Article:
Capturing the Wedding Ceremony
Regardless of the type of wedding videos you’re creating, there are several key moments in an indoor or outdoor wedding that need solid audio recording. The minister, priest or officiant has some pretty important dialog in every wedding ceremony. The couple has spoken vows and there may be others who participate, such as parents, friends or musicians. The only way to guarantee clean audio from each is to mic them all. This could be quite a chore, but you can make some safe compromises.
Let’s start with the officiant. Their title usually determines their wardrobe and, consequently, your wedding audio strategy. A priest or judge will likely wear a robe or vestment of some kind. These are notoriously difficult to work with from an audio standpoint, but a simple wireless lavalier clipped to the collar works well in most situations. A Protestant minister or pastor usually wears a suit and tie or possibly a tuxedo.lapel. Don’t forget, you may have to share mic space with a mic from the house sound system.
The bride and groom both have spoken vows, but let’s be honest, you’re not going to find a place for a recorder or transmitter in a bridal gown. Yes, it can be done, but don’t bother.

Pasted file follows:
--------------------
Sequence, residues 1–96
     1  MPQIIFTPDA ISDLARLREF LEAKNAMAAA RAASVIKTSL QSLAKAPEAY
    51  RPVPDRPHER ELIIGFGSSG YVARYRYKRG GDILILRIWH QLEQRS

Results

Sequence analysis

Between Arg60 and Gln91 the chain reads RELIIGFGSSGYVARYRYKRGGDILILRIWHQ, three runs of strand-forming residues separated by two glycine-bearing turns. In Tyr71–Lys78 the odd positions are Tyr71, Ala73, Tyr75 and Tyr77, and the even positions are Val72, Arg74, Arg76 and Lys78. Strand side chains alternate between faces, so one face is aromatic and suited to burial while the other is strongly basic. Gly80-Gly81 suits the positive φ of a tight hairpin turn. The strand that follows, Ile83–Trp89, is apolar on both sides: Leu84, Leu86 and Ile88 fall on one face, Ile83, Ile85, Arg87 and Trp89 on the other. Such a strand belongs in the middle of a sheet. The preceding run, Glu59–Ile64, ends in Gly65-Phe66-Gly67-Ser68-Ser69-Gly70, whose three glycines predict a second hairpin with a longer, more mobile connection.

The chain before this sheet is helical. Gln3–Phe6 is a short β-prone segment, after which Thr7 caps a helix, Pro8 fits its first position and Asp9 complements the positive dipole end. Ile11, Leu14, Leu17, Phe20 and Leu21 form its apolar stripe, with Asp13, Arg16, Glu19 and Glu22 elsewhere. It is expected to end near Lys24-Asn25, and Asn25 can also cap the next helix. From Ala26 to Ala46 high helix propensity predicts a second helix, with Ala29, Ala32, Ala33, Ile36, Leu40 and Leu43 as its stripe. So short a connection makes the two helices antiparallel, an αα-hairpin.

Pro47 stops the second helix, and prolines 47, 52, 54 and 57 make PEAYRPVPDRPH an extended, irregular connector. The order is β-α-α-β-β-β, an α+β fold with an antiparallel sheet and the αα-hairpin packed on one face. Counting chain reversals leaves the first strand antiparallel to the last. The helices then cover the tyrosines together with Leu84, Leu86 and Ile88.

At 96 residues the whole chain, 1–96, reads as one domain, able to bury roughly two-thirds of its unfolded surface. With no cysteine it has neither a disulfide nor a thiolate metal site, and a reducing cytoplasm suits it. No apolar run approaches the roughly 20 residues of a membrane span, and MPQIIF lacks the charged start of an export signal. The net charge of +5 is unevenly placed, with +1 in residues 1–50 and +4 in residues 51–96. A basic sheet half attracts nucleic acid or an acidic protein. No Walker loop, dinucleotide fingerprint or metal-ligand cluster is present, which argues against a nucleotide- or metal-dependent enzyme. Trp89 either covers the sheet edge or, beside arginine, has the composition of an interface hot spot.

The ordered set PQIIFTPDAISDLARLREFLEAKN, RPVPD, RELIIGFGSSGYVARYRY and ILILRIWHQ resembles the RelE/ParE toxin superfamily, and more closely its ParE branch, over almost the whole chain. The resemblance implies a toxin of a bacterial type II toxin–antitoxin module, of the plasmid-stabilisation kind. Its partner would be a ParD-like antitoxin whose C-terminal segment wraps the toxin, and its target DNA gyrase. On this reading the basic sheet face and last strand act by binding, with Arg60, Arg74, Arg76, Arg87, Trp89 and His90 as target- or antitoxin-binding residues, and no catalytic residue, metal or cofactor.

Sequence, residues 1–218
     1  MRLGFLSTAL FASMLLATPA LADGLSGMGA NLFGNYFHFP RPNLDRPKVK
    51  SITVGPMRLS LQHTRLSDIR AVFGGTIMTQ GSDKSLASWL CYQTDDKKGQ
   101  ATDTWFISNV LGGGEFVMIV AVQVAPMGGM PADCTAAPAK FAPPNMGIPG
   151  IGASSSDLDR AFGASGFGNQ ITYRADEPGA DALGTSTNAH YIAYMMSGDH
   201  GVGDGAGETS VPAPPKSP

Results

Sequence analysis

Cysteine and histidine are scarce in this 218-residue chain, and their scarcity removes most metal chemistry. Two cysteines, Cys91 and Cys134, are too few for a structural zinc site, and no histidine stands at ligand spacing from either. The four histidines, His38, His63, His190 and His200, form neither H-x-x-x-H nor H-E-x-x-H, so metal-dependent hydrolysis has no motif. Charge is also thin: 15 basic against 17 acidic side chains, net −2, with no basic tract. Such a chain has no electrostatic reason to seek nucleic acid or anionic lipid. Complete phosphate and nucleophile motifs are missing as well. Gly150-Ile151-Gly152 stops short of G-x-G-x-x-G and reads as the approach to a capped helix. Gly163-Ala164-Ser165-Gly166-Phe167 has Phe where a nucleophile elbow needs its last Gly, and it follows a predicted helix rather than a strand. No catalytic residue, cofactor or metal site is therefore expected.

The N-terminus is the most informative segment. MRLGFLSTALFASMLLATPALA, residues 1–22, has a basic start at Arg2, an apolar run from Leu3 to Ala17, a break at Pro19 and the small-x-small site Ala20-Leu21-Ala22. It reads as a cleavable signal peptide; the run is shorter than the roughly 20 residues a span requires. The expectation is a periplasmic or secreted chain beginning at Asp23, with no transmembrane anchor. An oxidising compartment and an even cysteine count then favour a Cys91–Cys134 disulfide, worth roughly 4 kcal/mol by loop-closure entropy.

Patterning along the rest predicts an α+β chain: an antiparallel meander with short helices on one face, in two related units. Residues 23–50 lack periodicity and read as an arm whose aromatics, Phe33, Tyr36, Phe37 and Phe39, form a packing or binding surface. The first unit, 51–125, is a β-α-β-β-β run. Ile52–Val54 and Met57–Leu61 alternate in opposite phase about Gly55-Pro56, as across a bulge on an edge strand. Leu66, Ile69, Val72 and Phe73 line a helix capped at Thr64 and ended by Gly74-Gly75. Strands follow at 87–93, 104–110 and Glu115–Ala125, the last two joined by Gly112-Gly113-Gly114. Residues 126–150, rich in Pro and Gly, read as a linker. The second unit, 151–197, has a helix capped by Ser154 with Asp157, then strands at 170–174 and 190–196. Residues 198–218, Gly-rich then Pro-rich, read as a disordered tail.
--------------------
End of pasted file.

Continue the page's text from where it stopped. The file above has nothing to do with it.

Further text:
Many ceremonies feature musicians and readers. You can get great audio for your wedding videos from these folks a couple of ways. First, you can mic them with an all-in-one portable audio recorder. Just put it on a stand in front of their performance position.
Finally, as a last-ditch wedding audio backup plan, make sure to record audio with the built-in camera microphone. The quality will be less than ideal, but it’s great for audience reactions and could provide some ambience in your final edit if the source-recorded audio is a bit dry. If something goes horribly wrong with one of your remote recorders or wireless mics, at least you have it covered.
Recording the Reception
Wedding audio for receptions is usually quite a challenge. No two receptions are alike, the schedule can be pretty flexible and things move fast. Your challenge is to decide what elements are important in your final video.
Toasts are a common reception element in wedding videos. The best man, maid/matron of honor, fathers and mothers may all take part. Depending on the reception venue, there may or may not be sound reinforcement for the toasts. If there is sound reinforcement, it may be provided by the house sound system or the disc jockey’s sound system. Whenever possible, make contact ahead of time with the audio provider and ask permission to attach a portable audio recorder to their system.